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Healthcare-associated infections (HCAI) represent up to 50 percent of all infections among patients admitted from the community. The review by Cardoso et al. (2015) intends to provide a systematic review on the microbiological profile involved in HAI, to compare it with community-acquired (CAI) and hospital-acquired infections (HAI) and to evaluate the definition accuracy to predict infection by potentially drug-resistant pathogens.
The researchers searched for HCAI in MEDLINE, SCOPUS and ISI Web of Knowledge with no limitations in regard to publication language, date of publication, study design or study quality. Only studies using the definition by Friedman et al. were included. This review was registered at PROSPERO Systematic Review Registration with the Number CRD42014013648.
A total of 21 eligible studies with 12,096 infected patients were reviewed; of these 3,497 had HCAI, 2,723 were microbiologically documented. Twelve studies were on pneumonia involving 1051 patients with microbiological documented HCAI, the application of the current guidelines for this group of patients would result in an appropriate antibiotic therapy in 95 percent of cases at the expense of overtreatment in 73 %; the application of community-acquired pneumonia guidelines would be adequate in only 73 percent to 76 percent of the cases; an alternative regimen with piperacillin-tazobactam or aztreonam plus azithromycin would increase antibiotic adequacy rate to 90 percent. Few studies were found on additional focus of infection: endocarditis, urinary, intra-abdominal and bloodstream infections. All studies included in this review showed an association of the HCAI definition with infection by PDR pathogens when compared to CAI [odds ratio (OR) 4.05, 95 % confidence interval (95 % CI) 2.60–6.31)]. The sensitivity of HCAI to predict infection by a PDR pathogen was 0.69 (0.65–0.72), specificity was 0.67 (0.66–0.68), positive likelihood ratio was 1.9 and the area under the summary ROC curve was 0.71.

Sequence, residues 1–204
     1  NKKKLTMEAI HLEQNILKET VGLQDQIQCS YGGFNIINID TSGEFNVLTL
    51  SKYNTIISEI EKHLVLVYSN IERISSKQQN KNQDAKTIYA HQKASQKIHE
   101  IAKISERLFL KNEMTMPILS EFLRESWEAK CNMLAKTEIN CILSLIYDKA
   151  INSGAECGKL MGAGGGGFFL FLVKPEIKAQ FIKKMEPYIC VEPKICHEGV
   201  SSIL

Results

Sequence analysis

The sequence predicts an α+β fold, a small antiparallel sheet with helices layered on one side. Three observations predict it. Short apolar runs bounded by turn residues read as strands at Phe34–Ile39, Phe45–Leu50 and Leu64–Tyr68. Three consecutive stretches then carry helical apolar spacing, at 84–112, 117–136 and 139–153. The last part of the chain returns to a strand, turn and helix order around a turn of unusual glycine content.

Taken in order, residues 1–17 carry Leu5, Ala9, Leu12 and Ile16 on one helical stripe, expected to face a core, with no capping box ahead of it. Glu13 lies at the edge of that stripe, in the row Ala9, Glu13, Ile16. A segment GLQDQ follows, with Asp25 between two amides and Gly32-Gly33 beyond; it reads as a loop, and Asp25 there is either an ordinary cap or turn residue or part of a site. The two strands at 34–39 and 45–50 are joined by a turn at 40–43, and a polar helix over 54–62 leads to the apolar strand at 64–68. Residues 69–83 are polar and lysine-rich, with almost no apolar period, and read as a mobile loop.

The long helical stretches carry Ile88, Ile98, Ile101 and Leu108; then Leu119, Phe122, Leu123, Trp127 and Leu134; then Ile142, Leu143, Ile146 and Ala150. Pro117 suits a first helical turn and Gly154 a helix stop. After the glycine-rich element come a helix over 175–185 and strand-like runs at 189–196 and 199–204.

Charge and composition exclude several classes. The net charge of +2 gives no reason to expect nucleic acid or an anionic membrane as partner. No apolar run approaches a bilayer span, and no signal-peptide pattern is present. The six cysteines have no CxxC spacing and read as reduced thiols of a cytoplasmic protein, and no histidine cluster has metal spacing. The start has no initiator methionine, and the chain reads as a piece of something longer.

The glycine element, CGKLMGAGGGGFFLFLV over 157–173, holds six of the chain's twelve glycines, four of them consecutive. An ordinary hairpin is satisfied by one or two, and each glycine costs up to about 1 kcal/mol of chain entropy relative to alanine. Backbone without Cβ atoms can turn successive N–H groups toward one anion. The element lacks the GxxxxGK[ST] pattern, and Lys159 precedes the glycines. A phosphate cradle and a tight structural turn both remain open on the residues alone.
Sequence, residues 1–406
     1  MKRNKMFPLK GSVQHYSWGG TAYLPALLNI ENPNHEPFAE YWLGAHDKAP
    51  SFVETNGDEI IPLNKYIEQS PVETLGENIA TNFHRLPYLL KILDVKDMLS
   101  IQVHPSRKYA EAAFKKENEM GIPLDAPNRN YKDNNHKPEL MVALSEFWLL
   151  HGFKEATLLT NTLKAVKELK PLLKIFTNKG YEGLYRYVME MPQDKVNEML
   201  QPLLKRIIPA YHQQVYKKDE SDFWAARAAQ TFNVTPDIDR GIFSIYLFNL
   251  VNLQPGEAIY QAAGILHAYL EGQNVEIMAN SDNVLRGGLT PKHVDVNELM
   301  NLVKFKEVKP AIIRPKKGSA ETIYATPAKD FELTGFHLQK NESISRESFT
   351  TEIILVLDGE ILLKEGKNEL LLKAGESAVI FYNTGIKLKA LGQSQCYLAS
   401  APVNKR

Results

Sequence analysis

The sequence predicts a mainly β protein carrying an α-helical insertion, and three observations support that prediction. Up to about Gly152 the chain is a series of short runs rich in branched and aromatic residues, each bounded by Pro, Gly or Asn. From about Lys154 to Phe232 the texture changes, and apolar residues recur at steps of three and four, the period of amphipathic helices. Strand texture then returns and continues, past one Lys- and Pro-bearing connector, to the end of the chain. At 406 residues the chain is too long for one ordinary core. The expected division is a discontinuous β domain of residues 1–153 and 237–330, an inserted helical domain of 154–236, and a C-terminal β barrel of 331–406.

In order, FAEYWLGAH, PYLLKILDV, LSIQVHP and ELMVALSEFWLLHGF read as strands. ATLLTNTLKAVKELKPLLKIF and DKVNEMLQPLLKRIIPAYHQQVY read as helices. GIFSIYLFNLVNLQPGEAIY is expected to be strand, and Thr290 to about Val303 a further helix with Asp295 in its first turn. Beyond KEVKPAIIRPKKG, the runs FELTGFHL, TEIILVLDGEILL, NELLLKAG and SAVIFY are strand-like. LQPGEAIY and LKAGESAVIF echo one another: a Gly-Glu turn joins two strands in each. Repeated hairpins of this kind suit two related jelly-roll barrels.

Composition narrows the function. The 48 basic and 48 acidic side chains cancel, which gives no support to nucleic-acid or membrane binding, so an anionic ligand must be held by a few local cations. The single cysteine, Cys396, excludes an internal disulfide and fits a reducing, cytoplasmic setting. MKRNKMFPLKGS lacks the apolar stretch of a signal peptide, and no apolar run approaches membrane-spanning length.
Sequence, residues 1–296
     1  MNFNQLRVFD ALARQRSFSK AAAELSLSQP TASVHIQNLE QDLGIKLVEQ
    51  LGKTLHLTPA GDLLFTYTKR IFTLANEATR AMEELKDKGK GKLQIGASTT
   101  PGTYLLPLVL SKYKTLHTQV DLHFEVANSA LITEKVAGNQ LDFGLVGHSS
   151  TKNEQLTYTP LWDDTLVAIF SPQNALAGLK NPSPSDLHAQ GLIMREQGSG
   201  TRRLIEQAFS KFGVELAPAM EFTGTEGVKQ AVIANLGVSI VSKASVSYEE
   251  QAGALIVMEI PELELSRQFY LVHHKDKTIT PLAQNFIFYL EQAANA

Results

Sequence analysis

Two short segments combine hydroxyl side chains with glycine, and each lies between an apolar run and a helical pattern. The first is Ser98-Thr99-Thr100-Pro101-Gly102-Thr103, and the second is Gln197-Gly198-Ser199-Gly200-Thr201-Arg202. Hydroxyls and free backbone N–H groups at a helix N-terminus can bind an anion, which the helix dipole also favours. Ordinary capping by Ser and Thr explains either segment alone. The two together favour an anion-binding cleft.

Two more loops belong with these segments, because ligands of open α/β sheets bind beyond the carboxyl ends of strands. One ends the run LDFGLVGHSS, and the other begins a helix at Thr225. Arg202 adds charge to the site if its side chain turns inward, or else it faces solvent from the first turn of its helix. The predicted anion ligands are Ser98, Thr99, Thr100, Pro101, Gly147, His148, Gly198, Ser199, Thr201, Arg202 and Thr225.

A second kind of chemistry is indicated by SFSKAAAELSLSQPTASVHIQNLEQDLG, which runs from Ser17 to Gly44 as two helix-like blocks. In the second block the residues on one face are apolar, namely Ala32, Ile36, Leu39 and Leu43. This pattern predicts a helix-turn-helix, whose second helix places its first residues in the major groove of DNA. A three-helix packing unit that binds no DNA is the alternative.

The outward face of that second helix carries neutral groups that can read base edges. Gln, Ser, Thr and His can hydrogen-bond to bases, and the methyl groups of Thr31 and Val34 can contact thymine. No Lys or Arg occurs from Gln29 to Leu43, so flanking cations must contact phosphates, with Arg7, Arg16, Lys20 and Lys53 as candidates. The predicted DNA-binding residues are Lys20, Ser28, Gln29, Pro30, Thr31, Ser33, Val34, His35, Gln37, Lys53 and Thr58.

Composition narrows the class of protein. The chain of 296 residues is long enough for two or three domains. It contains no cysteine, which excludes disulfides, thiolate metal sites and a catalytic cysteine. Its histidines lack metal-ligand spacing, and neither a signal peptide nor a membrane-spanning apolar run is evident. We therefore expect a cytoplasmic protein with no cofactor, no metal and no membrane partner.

The researchers conclude that this systematic review provides evidence that HCAI represents a separate group of infections in terms of the microbiology profile, including a significant association with infection by PDR pathogens, for the main focus of infection. The results provided can help clinicians in the selection of empiric antibiotic therapy and international societies in the development of specific treatment recommendations.
Reference: Cardoso T, Almeida M, Carratalà J, Aragão I, Costa-Pereira A, Sarmento AE and Azevedo L. Microbiology of healthcare-associated infections and the definition accuracy to predict infection by potentially drug resistant pathogens: a systematic review. BMC Infectious Diseases201515:565